Claims for the Aviform horse joint supplement Suppleaze Gold, seen on 12 May 2016 on the advertiser’s own website and in Horse & Hound magazine:
a. The advertiser’s website www.aviform.co.uk included the claims “Suppleaze Gold … includes the optimum ratios of Glucosamine HCL (5.5g) and Chondroitin (2g) per 10g of product … Proven. Published scientific research has shown that nutritional supplements containing Glucosamine HCL and/or Chondroitin Sulphate (at the correct levels) has [sic] a significant part to play in equine joint health. Recent research conducted by Raquel Baccarin, DVM, PhD, professor of veterinary medicine at the University of Sao Paulo, revealed significant improvement in flexion tests, decrease in joint volume and improved radiographic scores on horses supplemented with Glucosamine and Chondroitin (at the correct ratio). This study was conducted on 47 athletic horses, 20 healthy and 27 with osteoarthritis … Optimum ratio of ingredients based on latest research”.
b. The ad in Horse & Hound magazine included the claims “Suppleaze Gold … includes the optimum ratios of Glucosamine HCL (5.5g) and Chondroitin (2g) per 10g … Proven. Published scientific research has shown that nutritional supplements containing Glucosamine HCL and/or Chondroitin (at the correct levels) has [sic] a significant part to play in equine joint health”.
The complainant, a registered horse riding instructor, who believed the ads implied that the product would improve equine joint health due to its glucosamine HCL and chondroitin content, challenged whether the claims were misleading and could be substantiated.
Aviform said they would remove the references to the clinical study from the advertising, as well as references to the product containing the “optimum ratios” of those substances. However, they were not prepared to make further changes to their advertising.
In support of the advertising claims they provided copies of two studies. One, published in 2006, examined the effects of a competitor’s glucosamine and chondroitin supplement on horses aged between 15 and 35 years, over a three-month period. Aviform said the study found the supplement improved joint motion in horses.
A second study, published in 2009 in a peer-reviewed journal, examined the effects of a different competitor’s glucosamine and chondroitin supplement on horses with moderately severe osteoarthritis over a period of five months. Aviform highlighted that the supplement used in this study contained slightly lower levels of glucosamine and chondroitin than Suppleaze Gold (0.1 g and 0.2 g less, respectively). The study concluded that daily administration of glucosamine plus chondroitin provided a significant reduction in arthritic pain. Aviform also provided a copy of a document which summarised a number of trials conducted using the same competitor’s glucosamine and chondroitin supplement.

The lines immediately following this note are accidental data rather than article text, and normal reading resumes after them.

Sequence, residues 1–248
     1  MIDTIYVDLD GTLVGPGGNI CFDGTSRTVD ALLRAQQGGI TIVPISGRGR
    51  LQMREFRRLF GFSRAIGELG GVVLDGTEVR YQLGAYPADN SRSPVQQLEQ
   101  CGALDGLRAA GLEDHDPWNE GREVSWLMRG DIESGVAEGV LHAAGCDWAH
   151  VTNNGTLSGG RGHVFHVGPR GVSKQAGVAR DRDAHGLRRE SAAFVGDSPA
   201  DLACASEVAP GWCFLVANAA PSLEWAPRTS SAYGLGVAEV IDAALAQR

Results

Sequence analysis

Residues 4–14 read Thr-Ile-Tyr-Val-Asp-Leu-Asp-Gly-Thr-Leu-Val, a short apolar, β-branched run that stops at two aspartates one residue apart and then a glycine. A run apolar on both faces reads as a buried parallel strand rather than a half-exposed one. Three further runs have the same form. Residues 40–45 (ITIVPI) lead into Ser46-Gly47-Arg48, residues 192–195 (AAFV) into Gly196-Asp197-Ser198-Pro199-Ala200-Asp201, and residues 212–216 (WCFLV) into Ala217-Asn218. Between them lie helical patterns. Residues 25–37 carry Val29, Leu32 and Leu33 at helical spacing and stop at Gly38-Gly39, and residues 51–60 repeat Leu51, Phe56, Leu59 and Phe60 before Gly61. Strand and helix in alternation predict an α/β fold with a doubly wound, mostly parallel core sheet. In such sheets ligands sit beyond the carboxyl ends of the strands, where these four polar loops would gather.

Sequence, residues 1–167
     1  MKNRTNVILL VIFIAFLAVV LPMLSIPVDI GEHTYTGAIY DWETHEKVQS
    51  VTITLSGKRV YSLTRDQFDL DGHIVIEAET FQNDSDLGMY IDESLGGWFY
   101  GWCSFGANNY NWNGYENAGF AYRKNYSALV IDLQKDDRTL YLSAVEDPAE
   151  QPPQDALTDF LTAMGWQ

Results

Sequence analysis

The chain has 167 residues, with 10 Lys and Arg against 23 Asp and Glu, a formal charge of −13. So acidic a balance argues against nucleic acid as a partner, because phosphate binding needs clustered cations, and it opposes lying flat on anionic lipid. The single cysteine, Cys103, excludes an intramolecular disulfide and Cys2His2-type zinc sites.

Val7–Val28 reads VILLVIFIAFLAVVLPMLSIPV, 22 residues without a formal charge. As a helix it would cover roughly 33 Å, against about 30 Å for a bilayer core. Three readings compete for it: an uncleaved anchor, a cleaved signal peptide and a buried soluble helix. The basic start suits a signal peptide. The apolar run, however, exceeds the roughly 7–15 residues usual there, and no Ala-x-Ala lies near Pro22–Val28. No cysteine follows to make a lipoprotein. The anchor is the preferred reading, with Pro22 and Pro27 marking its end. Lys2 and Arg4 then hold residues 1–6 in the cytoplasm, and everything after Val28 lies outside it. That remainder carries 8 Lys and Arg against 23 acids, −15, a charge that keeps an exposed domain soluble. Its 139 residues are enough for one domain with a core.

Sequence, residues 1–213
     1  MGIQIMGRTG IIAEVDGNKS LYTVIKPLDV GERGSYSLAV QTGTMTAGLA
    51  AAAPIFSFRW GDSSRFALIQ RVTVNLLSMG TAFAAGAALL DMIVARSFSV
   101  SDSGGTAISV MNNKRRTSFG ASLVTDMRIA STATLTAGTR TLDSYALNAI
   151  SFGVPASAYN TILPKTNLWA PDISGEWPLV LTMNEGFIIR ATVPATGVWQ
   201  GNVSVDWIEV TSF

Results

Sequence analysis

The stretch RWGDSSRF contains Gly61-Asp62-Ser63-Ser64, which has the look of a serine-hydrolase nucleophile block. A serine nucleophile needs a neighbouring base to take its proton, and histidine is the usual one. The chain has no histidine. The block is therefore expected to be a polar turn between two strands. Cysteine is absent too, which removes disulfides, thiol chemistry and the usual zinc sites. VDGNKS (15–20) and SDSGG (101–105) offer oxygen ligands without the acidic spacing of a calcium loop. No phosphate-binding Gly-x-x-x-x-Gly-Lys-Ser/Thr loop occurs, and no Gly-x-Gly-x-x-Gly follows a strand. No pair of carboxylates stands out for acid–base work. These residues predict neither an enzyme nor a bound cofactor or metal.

Both ads included the claim “Published scientific research has shown that nutritional supplements containing Glucosamine HCL and/or Chondroitin (at the correct levels) has [sic] a significant part to play in equine joint health”; claims that the product had the “optimum ratios” of those substances; and a claim that the combination of ingredients would “support your horse’s mobility for maximum benefit”. The ads also featured additional claims such as “Ultimate Joint Care” and “Nourishes, conditions, replenishes and lubricates the cartilage in joints”. The ASA considered consumers would understand from the ads that the product would improve equine joint health in healthy horses due to the glucosamine HCL and chondroitin it contained. We expected Aviform to provide documentary evidence, in the form of studies on horses, to support such claims.
Both ads referred to a trial of glucosamine and chondroitin supplementation in horses as evidence of the efficacy of Suppleaze Gold. Aviform did not, however, provide a copy of that study to the ASA for our assessment. While we had not seen the study in question, we considered that in order for such a study to be sufficiently adequate to support the claims of efficacy featured in the ads, it would need to be methodologically robust; have found statistically significant positive results for the efficacy of the supplement; and have used a similar supplement as that being advertised (for example, the supplement used in the trial should, like Suppleaze Gold, be administered orally, and should not administer higher levels of glucosamine and chondroitin than were contained in Suppleaze Gold).
The 2006 study was a small-scale study involving a placebo group of five horses and a treatment group of 15 horses that were given a supplement containing 2 g of purified chondroitin sulphate, 5 g of glucosamine hydrochloride and 0.5 g of N-acetyl-D-glucosamine per 10 g. The study was double-blinded, with the placebo group given a supplement that looked the same as that given to the treatment group.
The horses were selected on the basis of age criteria only (all were aged between 15 and 35 years) rather than on medical or athletic history and randomly allocated into the two groups. The primary outcome measure was whether there was a change in the range of joint motion, with secondary outcome measures being whether there were changes in trot stride length, swing length and stance duration. Skin markers were applied to anatomical points on each horse, to enable measurement of the range of motion of six joints (three joints in the forelimb and three in the hindlimb) through computer modelling of video footage of the horses trotting past a fixed point. Measurements were taken immediately prior to treatment and then at weeks 4, 8 and 12. Average results at each measurement point were calculated for each group and subjected to statistical analysis.
No statistically significant results were found at week 4. At weeks 8 and 12, the range of motion in three joints (one in the forelimb, two in the hindlimb) had improved significantly, as had trot stride length. Swing duration in both fore- and hindlimbs had improved significantly at week 12 but no significant improvements were seen in stance duration.
We noted that the study was double-blinded and randomised, and that objective criteria were used to measure the outcomes. However, we were concerned that no medical assessment of the horses had been carried out prior to their inclusion in the study and as a result it was possible that at baseline there may have been some significant differences between the medical statuses of the two groups, including the possibility that some may have had degenerative joint diseases. It was therefore not clear whether the results of the trial could be extrapolated to healthy horses such as those that Suppleaze Gold was intended for.